## Abstract

Ring-structured Bragg fibres that support a single TE-polarisation mode are investigated. The fibre designs consist of a hollow core and rings of holes concentric with the core, which form the low-index layers of the Bragg reflector in the cladding. The effects of varying the air fraction in each ring of holes on the transmission properties of the fibres are analysed and an approximate model based on homogenisation is explored. Surface modes and transitions thereof are also discussed.

©2004 Optical Society of America

## 1. Introduction

Many properties not available to conventional optical fibres have been shown to be possible with microstructured optical fibres [1]. Such properties include single-mode operation over a large wavelength range [2] and guidance in an air core using photonic band gap fibres [3] or Bragg fibres [4,5]. In microstructured fibres arrangements of holes spanning the entire length of the fibre are used to confine the light. The holes can reduce the refractive index of the region surrounding a high-index core and confine the light by total internal reflection, or, if the holes form a 2D lattice, they confine the light by means of a photonic band gap. Bragg fibres use a 1D photonic band gap formed by layers of alternating high-low refractive index surrounding the core. Ring-structured Bragg fibres have also been proposed [6,7], in which rings of holes form the low index layers of the Bragg reflector in the cladding. Such fibres, with a hollow core, have been demonstrated recently using silica [8].

Previously, designs were proposed for a Bragg fibre [9,10] and a ring-structured Bragg fibre [7] that would support a single TE mode. The advantage gained by this, in comparison to guiding only a HE_{11} mode as in other cases, is that
the TE modes are not polarisation degenerate. The single-TE-mode property would remove polarisation mode dispersion and polarisation fading in interferometers as well as orientation issues
(being, for most purposes, circularly symmetric) associated with other single-polarisation fibres [11,12], all
of which isolate linear polarisations. A single TE mode was isolated by choosing the angle required for Bragg reflection close to the Brewster angle, meaning that a band gap only formed
for the TE polarisation.

The ring-structured fibre design with the single-TE-mode property consists of a hollow core surrounded by circular rings of holes concentric with the core, embedded in a host material of
homogeneous refractive index. It has been shown [7] that increasing the number of rings of holes in such a structure resulted in a dramatic decrease
in the confinement loss of the TE_{01} mode, whilst the remaining modes remained largely unaffected with very high confinement loss. This would effectively render these modes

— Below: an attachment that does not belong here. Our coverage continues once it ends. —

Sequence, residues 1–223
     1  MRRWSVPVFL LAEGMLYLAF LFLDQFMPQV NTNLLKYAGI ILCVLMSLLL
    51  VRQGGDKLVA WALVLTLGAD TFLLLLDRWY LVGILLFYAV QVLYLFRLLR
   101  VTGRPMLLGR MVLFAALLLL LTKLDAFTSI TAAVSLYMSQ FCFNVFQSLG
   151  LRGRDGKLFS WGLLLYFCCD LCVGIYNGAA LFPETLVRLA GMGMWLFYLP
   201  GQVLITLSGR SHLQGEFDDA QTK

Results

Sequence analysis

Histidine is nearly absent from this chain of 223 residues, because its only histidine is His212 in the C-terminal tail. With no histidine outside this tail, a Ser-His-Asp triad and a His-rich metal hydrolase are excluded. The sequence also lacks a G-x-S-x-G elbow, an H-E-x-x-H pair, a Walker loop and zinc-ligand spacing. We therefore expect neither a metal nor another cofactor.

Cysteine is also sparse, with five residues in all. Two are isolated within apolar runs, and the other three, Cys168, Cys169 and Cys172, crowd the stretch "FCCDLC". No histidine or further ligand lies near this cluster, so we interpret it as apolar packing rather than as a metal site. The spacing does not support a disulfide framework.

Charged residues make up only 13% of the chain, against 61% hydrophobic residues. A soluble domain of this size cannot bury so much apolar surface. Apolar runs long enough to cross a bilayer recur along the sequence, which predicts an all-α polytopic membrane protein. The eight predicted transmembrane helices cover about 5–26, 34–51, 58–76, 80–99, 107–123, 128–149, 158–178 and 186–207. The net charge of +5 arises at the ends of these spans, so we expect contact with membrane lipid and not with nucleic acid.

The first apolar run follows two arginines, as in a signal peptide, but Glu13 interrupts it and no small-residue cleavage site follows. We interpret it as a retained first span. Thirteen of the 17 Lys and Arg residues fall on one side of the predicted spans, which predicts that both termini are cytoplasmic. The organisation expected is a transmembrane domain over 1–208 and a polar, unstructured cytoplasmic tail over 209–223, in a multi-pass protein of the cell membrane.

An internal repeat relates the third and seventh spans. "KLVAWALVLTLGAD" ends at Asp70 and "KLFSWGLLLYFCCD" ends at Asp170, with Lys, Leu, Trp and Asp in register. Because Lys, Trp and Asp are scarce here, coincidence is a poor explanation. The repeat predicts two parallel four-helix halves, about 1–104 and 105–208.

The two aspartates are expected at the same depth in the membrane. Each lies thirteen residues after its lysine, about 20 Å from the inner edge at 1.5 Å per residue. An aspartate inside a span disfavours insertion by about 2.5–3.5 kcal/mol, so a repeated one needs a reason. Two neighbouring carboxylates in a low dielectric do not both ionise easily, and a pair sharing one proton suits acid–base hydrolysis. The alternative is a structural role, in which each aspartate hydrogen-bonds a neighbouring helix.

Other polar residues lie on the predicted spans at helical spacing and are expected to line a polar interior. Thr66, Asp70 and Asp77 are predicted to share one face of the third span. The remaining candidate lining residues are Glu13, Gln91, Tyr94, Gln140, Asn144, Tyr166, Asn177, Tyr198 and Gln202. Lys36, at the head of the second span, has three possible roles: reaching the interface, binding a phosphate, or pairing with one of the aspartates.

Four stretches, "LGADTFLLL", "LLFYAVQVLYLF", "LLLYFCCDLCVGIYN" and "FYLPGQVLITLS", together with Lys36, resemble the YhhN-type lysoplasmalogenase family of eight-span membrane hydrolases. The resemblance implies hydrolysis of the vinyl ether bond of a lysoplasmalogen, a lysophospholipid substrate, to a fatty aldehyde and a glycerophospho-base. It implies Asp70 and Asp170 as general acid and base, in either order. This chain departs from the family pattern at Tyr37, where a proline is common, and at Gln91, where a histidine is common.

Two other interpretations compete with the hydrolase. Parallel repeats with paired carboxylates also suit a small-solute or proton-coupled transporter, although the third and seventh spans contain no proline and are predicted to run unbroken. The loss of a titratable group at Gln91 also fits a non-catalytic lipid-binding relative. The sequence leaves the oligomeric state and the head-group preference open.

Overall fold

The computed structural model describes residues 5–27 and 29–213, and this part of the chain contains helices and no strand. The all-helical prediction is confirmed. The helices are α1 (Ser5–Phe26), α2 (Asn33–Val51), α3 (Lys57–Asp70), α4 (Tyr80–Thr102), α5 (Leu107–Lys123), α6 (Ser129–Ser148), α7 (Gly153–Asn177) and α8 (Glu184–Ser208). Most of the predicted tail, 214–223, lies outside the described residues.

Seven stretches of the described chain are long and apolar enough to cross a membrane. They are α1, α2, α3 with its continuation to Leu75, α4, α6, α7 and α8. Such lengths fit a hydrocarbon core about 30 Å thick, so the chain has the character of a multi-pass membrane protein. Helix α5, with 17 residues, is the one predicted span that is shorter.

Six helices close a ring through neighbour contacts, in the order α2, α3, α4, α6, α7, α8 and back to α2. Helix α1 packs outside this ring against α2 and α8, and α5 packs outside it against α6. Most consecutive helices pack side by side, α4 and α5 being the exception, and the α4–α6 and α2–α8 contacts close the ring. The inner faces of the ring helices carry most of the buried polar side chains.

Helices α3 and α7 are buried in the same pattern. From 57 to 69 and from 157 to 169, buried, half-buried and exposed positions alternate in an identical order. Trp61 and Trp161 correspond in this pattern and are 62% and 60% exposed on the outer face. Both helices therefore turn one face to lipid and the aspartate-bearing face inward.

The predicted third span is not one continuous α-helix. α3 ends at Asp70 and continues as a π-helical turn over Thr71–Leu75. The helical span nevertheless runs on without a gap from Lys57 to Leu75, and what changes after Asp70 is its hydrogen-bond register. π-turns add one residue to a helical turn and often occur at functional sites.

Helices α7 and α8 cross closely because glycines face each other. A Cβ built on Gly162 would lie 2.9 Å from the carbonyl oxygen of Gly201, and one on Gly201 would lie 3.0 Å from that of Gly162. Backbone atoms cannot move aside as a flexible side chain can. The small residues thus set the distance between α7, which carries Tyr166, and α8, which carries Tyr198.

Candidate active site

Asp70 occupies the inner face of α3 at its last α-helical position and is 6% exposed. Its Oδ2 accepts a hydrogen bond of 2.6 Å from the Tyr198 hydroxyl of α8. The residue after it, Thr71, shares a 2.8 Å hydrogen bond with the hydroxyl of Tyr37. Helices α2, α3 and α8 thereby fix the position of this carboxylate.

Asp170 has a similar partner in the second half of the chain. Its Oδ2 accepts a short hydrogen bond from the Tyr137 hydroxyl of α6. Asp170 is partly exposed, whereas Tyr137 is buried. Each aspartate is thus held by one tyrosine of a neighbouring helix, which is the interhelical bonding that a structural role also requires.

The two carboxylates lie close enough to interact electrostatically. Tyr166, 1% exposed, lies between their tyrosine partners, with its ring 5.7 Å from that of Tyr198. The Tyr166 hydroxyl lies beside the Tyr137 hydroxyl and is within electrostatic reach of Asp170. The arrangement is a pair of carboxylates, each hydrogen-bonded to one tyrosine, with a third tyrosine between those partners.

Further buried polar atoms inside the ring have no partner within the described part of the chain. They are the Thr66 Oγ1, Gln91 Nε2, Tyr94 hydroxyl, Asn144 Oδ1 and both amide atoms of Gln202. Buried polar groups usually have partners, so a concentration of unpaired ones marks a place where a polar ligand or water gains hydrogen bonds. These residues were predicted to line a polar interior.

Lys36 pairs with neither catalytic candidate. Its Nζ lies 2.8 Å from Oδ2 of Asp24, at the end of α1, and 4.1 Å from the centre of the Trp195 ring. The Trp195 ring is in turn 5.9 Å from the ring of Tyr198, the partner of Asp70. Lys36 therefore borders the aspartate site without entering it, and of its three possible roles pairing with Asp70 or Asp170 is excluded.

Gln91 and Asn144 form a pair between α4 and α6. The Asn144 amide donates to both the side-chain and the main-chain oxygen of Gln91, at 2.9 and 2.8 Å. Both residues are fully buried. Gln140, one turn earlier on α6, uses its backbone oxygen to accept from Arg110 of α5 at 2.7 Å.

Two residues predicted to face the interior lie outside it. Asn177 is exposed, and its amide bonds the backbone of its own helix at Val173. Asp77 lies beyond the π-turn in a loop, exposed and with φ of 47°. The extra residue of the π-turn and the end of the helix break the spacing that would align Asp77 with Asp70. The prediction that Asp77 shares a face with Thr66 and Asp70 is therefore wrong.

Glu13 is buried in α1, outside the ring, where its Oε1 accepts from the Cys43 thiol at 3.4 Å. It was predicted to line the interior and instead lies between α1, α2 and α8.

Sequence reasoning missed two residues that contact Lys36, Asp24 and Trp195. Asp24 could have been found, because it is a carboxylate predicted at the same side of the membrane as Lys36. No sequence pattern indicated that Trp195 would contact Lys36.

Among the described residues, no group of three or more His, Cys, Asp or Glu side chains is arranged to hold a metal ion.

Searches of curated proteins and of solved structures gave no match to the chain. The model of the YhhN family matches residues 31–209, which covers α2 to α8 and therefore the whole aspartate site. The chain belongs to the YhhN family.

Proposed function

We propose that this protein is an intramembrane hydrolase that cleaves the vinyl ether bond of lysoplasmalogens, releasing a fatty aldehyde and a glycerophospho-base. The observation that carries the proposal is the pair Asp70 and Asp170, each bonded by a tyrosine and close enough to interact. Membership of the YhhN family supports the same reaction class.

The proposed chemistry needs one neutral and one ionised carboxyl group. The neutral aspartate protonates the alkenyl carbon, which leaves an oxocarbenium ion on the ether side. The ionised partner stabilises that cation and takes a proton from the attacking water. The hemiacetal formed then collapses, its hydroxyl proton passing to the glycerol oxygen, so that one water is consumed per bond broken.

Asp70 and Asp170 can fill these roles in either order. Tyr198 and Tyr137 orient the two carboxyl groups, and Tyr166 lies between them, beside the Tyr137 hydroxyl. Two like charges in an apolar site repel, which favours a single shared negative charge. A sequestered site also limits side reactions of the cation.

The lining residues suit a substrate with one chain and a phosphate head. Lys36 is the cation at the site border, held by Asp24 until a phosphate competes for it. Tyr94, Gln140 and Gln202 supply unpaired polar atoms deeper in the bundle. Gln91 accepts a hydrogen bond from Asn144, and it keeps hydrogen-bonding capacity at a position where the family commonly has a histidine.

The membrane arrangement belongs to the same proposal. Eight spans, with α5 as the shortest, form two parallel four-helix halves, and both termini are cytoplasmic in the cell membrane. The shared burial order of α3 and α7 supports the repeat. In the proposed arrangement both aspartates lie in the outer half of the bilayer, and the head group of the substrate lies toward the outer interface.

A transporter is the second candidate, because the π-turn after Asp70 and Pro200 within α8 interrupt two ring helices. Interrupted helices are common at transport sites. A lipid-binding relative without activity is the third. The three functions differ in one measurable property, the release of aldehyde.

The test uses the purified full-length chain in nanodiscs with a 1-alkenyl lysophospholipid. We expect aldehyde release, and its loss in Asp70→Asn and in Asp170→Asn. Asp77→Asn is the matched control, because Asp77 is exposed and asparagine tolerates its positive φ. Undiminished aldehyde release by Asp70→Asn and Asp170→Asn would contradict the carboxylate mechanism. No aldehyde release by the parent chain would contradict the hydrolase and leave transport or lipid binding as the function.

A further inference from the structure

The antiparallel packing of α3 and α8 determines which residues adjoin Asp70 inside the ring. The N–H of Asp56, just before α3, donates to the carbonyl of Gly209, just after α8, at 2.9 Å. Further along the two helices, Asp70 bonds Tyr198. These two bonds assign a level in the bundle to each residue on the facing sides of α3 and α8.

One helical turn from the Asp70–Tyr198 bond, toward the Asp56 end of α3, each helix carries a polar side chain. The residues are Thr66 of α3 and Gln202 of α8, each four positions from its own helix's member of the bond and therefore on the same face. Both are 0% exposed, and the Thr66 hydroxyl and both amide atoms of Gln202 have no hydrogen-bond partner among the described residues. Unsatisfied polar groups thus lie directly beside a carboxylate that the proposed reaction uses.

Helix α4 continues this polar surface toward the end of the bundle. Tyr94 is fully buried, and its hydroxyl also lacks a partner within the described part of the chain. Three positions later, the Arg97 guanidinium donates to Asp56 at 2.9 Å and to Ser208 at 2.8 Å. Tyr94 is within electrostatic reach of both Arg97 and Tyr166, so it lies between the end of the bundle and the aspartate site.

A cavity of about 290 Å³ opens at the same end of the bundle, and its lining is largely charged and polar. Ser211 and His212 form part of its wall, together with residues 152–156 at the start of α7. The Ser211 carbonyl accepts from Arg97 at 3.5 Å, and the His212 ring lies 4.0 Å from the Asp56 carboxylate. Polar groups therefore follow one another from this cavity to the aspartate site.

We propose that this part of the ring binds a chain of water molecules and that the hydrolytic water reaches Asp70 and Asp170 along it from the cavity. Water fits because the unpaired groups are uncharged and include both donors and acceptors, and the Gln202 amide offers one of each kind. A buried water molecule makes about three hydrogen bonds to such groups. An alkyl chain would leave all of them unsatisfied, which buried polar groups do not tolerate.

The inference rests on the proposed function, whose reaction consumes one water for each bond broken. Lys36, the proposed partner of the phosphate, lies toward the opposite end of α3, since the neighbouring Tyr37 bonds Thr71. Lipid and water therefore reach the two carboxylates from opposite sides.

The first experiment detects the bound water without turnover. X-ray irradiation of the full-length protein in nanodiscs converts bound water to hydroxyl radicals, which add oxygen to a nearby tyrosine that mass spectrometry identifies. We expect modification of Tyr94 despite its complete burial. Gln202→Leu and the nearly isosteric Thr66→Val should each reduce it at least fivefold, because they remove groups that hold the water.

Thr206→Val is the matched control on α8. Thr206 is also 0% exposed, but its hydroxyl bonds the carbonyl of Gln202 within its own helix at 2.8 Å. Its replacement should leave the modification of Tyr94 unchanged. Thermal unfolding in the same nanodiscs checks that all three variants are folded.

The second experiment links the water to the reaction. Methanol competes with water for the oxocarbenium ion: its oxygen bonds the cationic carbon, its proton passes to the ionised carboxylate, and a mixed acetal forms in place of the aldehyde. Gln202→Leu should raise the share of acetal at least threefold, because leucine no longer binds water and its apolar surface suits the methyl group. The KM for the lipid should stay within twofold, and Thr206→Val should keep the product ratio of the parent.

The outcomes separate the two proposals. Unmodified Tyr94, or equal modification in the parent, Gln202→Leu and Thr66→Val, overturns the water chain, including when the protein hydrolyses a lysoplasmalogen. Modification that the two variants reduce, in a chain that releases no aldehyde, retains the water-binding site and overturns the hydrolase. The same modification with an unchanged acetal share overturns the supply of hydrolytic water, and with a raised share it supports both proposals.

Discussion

unguided, isolating the TE01 mode as the only guided mode.

In this paper the effect of another parameter of that design is investigated: the air fraction of each ring of holes, determined by the number of holes in each ring. Intuitively, lowering the air fraction would serve to raise the “average” refractive index of each ring, without defining this term at present. How the number of holes per ring affects the low-loss TE mode and the high loss modes is examined and effects related to Brewster angle reflections are observed. This work contributes to a better understanding of how the ring-structured Bragg fibres work.

Of particular interest is the possibility of approximating each microstructured Bragg fibre with an equivalent conventional Bragg fibre design. This involves replacing each ring of holes with a homogeneous low index layer, the refractive index profile of which would be determined by the air fraction of each ring of holes of the original ring-structured design. The advantage sought through this process is the ability to model the microstructured designs as circularly symmetric ones to greatly increase the speed and efficiency of numerical simulations, and thus allow for a larger parameter space to be explored more easily when designing or optimising such fibres.

Finally, the surface modes (modes supported in the solid part of the microstructure, rather than the hollow core) of the microstructured Bragg fibres are examined and shown to present interesting dispersion properties near the avoided crossings with the hollow core modes. These modes were observed to undergo certain transitions that are discussed.

## 2. Fibre designs and numerical simulations

The fibre designs analysed here consist of a hollow core of radius *r*
_{co}=2.4795 µm, surrounded by rings of holes with Λ_{e}=0.578 µm signifying the external pitch, i.e. the spacing between the centres of holes in adjacent rings, and Λi the